Caucasus Mountains Outside of Sochi Russia

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Caucasus Mountains outside of Sochi. The outdoor Olympic events will be held in these mountains

Caucasus Mountains outside of Sochi. The outdoor Olympic events will be held in these mountains. This past summer our ship had a port of call in Sochi, Russia, site of next month’s 2014 Winter Olympics. Disembarking, the first thing I noticed about Sochi was…palm trees. And the warm, humid weather, despite an overcast sky.

I did a quick fact check on Sochi.  Per Wikipedia, Sochi is “one of the very few places in Russia with a subtropical climate, with warm to hot summers and mild winters.”  Sochi obviously isn’t called the “Russian Riviera” because of its snowfall.

Okaaay. So, with “mild winters,” where’s the snow? Is there any? I mean, I grew up in tropical and sub-tropical climes, and snow…well…the closest we got to snow was ice cream, which melted pretty damn fast in that weather. “Mild” winters to me just don’t conjure up visions of snowflakes and Frosty the Snowman.

Reading on, I found that Sochi is, in euphemistic terms, “a domestic destination,” meaning this largest of Russia’s summer resorts, with its 4 million visitors every year entices – overwhelmingly – native Russians. Wikitravel notes, “only three percent of this visitors’ crowd are international travelers.” The website continues to paint a rather unattractive picture of Sochi as a travel destination, noting that the city is “somewhat lacking in appropriate international infrastructure and having the same language barrier most regional centers of Russia do.” Sochi is also referred to as a “one lane town.”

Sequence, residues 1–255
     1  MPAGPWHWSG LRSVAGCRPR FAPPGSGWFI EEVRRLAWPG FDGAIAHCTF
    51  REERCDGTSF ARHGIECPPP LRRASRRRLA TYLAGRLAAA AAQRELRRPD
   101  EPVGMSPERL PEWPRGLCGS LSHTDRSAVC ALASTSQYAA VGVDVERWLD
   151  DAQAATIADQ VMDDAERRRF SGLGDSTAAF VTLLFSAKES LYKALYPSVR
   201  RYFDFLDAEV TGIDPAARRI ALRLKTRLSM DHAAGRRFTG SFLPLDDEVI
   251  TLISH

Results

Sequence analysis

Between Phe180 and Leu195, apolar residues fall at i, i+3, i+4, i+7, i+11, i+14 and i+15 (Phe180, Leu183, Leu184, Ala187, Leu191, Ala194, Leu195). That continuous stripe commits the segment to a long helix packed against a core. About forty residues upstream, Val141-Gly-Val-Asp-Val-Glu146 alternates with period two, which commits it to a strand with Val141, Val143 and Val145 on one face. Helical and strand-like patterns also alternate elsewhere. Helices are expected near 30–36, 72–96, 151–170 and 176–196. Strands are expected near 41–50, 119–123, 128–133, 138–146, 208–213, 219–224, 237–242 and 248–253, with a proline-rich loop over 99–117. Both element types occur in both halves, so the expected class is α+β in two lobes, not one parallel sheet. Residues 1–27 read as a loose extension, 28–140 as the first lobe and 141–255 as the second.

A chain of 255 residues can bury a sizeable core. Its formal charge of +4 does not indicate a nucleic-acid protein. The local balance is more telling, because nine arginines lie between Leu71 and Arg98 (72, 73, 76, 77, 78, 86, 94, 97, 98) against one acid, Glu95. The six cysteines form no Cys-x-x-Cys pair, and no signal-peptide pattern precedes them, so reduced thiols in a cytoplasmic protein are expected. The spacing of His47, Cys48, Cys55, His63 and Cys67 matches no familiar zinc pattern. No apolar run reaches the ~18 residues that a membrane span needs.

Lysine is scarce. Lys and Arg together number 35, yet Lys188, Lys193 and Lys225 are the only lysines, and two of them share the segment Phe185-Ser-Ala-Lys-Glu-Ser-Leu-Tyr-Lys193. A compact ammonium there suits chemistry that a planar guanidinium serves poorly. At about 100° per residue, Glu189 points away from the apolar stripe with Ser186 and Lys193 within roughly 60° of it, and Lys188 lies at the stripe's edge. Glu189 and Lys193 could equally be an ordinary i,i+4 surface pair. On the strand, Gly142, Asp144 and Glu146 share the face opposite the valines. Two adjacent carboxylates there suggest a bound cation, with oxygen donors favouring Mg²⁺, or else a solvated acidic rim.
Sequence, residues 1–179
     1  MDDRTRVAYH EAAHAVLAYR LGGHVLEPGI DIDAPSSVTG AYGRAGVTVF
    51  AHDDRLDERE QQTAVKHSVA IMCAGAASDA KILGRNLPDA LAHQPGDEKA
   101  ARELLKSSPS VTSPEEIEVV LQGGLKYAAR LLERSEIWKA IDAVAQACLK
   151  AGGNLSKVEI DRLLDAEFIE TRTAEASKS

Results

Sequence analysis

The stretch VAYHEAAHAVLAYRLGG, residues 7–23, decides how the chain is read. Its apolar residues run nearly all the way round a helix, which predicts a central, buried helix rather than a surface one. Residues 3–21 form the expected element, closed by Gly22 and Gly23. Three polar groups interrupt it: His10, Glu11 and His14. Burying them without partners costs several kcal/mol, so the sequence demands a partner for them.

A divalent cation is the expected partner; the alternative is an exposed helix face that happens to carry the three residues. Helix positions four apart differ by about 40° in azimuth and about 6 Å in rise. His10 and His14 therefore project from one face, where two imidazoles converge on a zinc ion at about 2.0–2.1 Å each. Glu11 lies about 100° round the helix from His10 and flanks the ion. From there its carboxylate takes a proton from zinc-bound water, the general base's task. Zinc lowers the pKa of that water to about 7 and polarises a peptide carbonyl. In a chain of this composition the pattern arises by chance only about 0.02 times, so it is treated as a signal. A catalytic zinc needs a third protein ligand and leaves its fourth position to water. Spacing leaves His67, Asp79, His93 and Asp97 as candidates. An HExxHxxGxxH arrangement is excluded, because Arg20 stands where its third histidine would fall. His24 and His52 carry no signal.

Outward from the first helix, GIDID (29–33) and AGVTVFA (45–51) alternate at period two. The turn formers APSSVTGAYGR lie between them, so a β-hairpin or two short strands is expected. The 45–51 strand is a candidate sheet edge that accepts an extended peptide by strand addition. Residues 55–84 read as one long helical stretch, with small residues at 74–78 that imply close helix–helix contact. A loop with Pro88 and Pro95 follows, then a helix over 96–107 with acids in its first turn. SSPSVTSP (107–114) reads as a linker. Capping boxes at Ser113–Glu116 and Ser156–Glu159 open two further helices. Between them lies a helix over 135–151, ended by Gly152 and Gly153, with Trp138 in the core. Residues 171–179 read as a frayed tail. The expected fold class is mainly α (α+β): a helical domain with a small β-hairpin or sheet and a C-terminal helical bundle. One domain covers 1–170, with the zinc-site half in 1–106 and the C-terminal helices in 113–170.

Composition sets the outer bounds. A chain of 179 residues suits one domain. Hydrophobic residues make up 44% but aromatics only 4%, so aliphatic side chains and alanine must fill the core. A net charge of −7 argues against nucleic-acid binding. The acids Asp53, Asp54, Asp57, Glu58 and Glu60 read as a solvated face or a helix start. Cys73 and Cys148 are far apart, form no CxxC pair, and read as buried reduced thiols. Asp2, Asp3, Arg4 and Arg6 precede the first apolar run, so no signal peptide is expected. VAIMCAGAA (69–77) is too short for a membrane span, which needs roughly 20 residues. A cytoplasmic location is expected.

That the city has a poor infrastructure was readily admitted by our guide. Not that we needed verbal confirmation. Taking in our surroundings as we crawled through downtown Sochi’s jam-packed traffic in our mini-van, I noticed a lot of residential buildings going up, streets clogged with construction equipment and debris – as well as mired vehicles with angry drivers. I did not see any stadium-like structures, nary a one in sight. Some of us started nudging others, raising eyebrows and shoulders in question. The guide prattled on about Sochi’s tourist sites, its growth, its modern shops, casinos. Everything except the Olympics just six months away.

Not to be deterred, some of us, after exchanging whispered astonishments, girded our loins and asked our guide, oh so casually, “So how’s it going, preparing for the Olympics? Does Sochi actually get snow?”

The guide admitted that the construction of the Olympic villages and sports facilities was behind schedule, and that the train line to the ski resort in the mountains, about 30 miles away, was nowhere near completion. Gesturing at the unfinished buildings and vehicular gridlock we’d sat in for several minutes, she said, “All this is for the Olympics,” and noted that a lot would have to be “cleaned up” before the Olympics began in six months. Her next words left us agape: “But they’re already making snow. There will be plenty of snow by February.”

What? The site of the Winter Olympics has to manufacture snow? Doesn’t look promising, boys and girls.

So Why Sochi?

So just how did Sochi get picked as the site of the Winter Olympics? In two previous attempts at grabbing the crown, Sochi had been turned down by the International Olympic Committee (IOC) specifically because of its lack of infrastructure. This time around, the IOC Evaluation Committee didn’t seem to have an issue with that deficiency when they visited this humid, subtropical capital.

Jean-Claude Killy, France’s 1968 gold medalist in skiing and member of the IOC Evaluation Committee admitted, after the 2007 site visit, “It’s probably the most challenging Olympics ever, as far as what has to be built to deliver these Olympic Games. We have a lot of work to do together.”

The answer to “Why Sochi?” is probably a combination of politics and pressure from Russian President Vladimir Putin. An ardent skier, Putin may not be a capitalist with a capital “C” but he certainly knows how to capitalize on his goals while applying political muscle and wealthy connections. (More on his “connections” later.)